What do college kids do that I'm going to hate in two months?
April 3, 2008 12:01 PM   Subscribe

Conflict-prevention-filter: A student of mine is staying with us for the summer. No rent, no fees involved, so that makes things easier. But what sorts of things do we discuss up front so that we all get along?

Cleanliness expectations
Household chores contributions
Music decibel level
Visitors and overnight visitors
...what else? We're a really quiet, boring, homebody-type couple and she cared for an ailing parent for a while, so I sense a maturity in her and was willing to offer her a place to stay. I just would like to set some groundrules so that we're all clear on expectations.
posted by orangemiles to Human Relations (10 answers total) 1 user marked this as a favorite
No rent, no fees involved, so that makes things easier.

This may not necessarily make things easier. This makes the relationship less reciprocal. It may make you less willing to put up with her not meeting your expectations, and it may make her value her place to stay less. (It also might have no affect.) Were I in your position I would start any conversations about expectations with some sort of acknowledgment of this dynamic.
posted by OmieWise at 12:06 PM on April 3, 2008

Food. Is it shared, who pays for it, etc.
posted by Nelsormensch at 12:07 PM on April 3, 2008

Time by which she should be home? Er, this sort of depends how she accesses the house and how old she is, but it would be good if you all agreed on a system whereby you all agreed that she should be in the house at a certain hour or have called you guys with alternative info, otherwise you have implicit permission to start worrying/call the police. You're not her parents, but a) if you're sharing a home, there is a security risk if someone else gains access to her keys, so you have your own safety to consider, and b) if something happens to her, in all probability you guys would be the first people to realize that since you live with her.

It would be best if you broached any such system as mentors or experienced roommates, rather than as parents, although you know her best and as such, YMMV.

Oh, also - grocery contributions. Does she share food? Can she help herself when she's hungry? Etc.
posted by bettafish at 12:09 PM on April 3, 2008

i think you should charge a nominal form of rent, and have a 'lease', as to protect yourself in case you have to forcefully evict her.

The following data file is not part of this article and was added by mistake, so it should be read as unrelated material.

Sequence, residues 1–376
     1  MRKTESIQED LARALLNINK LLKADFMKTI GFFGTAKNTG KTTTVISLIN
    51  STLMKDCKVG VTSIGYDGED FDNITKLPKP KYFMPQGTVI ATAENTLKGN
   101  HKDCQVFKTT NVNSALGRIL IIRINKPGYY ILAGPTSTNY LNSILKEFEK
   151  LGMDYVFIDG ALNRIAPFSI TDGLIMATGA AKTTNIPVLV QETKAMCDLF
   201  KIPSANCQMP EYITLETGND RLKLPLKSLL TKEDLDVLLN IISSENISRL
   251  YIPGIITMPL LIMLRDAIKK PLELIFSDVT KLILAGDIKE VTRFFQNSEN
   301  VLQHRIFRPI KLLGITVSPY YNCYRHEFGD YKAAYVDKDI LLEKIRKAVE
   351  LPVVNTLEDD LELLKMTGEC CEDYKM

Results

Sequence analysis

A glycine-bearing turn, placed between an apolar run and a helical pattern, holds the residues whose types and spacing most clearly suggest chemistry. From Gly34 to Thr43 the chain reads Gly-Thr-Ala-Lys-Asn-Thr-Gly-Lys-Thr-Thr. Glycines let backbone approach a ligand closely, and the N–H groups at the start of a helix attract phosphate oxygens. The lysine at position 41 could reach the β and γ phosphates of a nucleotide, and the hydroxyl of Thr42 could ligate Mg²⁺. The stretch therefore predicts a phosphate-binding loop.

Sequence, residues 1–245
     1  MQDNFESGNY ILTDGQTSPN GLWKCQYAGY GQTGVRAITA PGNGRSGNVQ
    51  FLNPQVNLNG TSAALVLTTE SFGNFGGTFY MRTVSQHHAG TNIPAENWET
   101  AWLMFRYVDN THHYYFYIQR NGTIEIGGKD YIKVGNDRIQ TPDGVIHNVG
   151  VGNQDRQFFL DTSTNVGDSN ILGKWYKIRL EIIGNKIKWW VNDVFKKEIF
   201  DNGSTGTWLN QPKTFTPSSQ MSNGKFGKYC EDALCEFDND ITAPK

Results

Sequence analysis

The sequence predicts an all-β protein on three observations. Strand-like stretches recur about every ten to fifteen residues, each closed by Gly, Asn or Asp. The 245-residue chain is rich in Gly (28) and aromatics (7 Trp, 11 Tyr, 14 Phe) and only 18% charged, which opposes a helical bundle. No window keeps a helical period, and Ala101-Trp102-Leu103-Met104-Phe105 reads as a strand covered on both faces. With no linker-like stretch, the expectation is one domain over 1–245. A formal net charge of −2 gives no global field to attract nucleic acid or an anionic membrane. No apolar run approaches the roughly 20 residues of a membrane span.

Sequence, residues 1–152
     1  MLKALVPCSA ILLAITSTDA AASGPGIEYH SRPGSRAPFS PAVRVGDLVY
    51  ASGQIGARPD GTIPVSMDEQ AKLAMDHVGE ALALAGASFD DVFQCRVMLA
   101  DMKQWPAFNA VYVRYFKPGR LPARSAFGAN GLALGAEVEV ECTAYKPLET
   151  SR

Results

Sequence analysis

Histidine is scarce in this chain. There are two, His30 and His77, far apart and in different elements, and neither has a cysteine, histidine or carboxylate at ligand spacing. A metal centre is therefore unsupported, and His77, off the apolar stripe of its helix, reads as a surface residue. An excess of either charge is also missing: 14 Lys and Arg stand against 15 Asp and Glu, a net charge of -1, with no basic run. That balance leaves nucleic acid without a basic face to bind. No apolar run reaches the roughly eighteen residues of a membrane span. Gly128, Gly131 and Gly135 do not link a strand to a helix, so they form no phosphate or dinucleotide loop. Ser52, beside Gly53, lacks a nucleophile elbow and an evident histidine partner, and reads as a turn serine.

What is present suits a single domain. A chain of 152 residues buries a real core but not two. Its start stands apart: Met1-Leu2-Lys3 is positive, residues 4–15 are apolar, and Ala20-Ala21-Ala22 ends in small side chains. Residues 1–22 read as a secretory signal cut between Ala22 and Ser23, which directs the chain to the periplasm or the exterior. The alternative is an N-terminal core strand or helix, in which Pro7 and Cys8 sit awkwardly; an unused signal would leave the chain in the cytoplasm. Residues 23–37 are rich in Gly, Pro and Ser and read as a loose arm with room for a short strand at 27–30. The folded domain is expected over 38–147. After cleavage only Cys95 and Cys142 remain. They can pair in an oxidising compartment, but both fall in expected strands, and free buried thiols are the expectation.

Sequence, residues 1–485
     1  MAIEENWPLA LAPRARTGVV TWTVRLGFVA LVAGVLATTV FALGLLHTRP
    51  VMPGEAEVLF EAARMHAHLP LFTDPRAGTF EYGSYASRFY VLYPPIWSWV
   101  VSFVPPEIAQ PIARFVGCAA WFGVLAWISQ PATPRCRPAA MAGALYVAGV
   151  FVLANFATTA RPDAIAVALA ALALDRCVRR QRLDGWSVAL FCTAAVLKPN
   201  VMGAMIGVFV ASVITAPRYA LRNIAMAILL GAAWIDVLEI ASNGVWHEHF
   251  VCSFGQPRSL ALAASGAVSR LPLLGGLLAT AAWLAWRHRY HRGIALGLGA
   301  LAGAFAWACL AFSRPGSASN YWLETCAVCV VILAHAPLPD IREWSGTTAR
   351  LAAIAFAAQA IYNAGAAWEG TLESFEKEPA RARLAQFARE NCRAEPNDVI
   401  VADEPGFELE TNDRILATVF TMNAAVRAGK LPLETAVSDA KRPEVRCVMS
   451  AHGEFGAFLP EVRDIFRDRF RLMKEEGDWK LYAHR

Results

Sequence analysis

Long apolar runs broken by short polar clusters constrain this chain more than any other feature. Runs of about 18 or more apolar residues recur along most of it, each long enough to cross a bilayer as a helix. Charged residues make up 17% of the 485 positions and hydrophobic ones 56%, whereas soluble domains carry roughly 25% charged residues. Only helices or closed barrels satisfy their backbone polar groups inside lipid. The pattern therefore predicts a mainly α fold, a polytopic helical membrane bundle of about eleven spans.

posted by lester at 12:13 PM on April 3, 2008

It's your house and you're just sharing it for the short term so I think laying out groundrules makes sense. Obviously it helps if these aren't too wacky but it's more important that they be clearly explicated in advance. When I had a law student roommate, these were things that became larger issues than they had to be because we weren't crystal clear with our expectations.

- bathroom "hogging" I got used to everyone in the house knowing when everyone else did their morning/evening routines. Someone who takes 45-60 minutes in the bathroom during that time period may mess up things for everyone else and if you don't know them well knocking on the door to say "hey I need to take a shower" may not be your thing
- kitchen/food/cleanliness - my roommate used to like to cook really stinky fish which would fill up the kitchen with stinky fish smell every night. Usually we were pretty laissez faire about the kitchen but that was a problem. Figure out which foods are personal and which are shared and what the general dishes routine is. Do you eat together? Are you used to having the kitchen free/empty/clean at a certain time of day/night?
- heat/ac - if you are paying bills it might matter if she uses AC or fans constantly, then again it might not. If it matters, talk about it in advance. We had told the roommate that we kept the house cold, but he wasn't used to New England and didn't have warm clothes so instead of shopping for some he kept a space heater going constantly which jacked the bills which was one of the reasons we kept the house cold.
- guests - how many, how often, how much they do. She may have friends come over to do laundry, watch movies in the common space, do homework, BBQ. If these are problems, talk to her about it. This also counts for things like whether she's on the phone all the time (I found it a little noisy that my roommate was *always* on the phone in the common spaces of the house, like literally until 1 am, etc, other people might not mind)
- posessions - what is shared and what is not. Can she borrow the car? The drill? The kayak? The tupperware? My roommate would sometimes take bowls or other kitchenware to school with food and not being it back for a while, this got old.

Basically the drill is to think of issues that might bother or upset you in advance and try to make sure you guys are both on the same page about it. I am sure that my temporary roommate would have been an okay roommate for someone but he was terrible for us.

I'm actually on the side of her paying no rent because then I think it's crystal clear that you are the one doing her a favor and so you get to set the rules, etc. If you were charging her something small it would blur the line and make her feel more like a renter [in fact she might legally BE a renter] which would have other implications.